Tomahawk Chops and Indian Mascots, Vanishing From U.S. Stadiums, Live On in Europe

Tomahawk Chops and Indian Mascots, Vanishing From U.S. Stadiums, Live On in Europe


At least one team in Europe has acknowledged the movement and made changes: Two years ago, the Streatham Redskins, England’s oldest ice hockey club, announced that they would look for a new nickname after determining that theirs, which was introduced in 1974, did not reflect the organization’s values. Fans of the club eventually voted to adopt the RedHawks.

But most other clubs have no interest, at least for now, in doing the same.

The Frolunda Indians, a professional hockey team from Gothenburg, Sweden, was known as Vastra Frolunda IF until 1995, around the time that the Swedish Hockey League began encouraging its clubs to adopt American-style nicknames. Inspired by the Chicago Blackhawks and the fact that the team in the 1960s was said to play in a “vilda vastern,” or Wild West, style, it chose the Indians.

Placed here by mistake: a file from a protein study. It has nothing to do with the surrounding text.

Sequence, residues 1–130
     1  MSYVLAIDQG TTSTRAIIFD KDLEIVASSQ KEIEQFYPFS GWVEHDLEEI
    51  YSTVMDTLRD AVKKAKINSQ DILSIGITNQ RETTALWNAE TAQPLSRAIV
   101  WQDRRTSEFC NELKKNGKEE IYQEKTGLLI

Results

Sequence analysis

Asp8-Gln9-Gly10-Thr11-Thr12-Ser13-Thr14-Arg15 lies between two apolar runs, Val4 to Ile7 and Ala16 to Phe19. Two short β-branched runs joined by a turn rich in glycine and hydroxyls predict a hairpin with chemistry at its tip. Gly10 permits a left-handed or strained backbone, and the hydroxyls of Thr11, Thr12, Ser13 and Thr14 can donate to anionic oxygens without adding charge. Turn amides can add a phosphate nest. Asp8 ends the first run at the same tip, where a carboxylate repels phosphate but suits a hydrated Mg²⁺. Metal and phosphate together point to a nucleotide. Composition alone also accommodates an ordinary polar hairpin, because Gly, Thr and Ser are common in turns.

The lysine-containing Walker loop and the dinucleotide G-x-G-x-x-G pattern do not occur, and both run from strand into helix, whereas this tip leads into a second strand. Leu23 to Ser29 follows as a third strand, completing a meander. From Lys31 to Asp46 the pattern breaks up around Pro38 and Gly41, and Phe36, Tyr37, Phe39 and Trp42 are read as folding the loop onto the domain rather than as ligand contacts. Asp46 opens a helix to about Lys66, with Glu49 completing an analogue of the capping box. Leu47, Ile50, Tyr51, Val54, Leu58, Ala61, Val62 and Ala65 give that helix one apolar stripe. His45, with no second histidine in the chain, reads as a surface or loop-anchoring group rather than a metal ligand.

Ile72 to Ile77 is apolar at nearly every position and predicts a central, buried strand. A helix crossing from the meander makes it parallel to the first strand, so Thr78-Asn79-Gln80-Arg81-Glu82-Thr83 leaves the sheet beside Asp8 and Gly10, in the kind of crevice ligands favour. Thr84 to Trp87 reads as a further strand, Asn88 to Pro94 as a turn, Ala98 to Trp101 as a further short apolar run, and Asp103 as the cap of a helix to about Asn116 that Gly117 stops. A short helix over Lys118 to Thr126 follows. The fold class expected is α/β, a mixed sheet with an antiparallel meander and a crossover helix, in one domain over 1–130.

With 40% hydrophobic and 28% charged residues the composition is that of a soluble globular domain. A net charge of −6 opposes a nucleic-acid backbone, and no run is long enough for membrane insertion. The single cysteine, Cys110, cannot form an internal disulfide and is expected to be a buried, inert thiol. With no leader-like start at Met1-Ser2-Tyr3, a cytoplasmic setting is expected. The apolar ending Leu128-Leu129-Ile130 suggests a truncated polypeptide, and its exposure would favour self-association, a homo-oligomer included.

The club developed a cartoon logo depicting an Indian chief with a headdress fanned around his stern face, and for a time the team’s costumed mascot was a Native American hockey player with a missing tooth and feathers poking through his helmet. (These days, the team’s in-stadium mascot is an anthropomorphic bison.)

In 2015, a man in Sweden filed two separate official reports to the Equality Ombudsman, a government agency that addresses discrimination, accusing the team of spreading a stereotypical image of Native Americans. “I want Sweden to show that you do not tolerate insulting the culture of others,” he wrote, according to the copy of the complaint provided to The Times by the agency.

The club dismissed his concerns, and the Equality Ombudsman ultimately rejected the claim.

“We, from a distance, follow the discussions about the Washington Redskins, the Cleveland Indians,” said Peter Pettersson Kymmer, a Frolunda team spokesman. “But we sincerely think that our Indian, in our point of view, is in no way offensive to the Native Americans. On the contrary, it’s a tribute, and we’re proud to wear it.”



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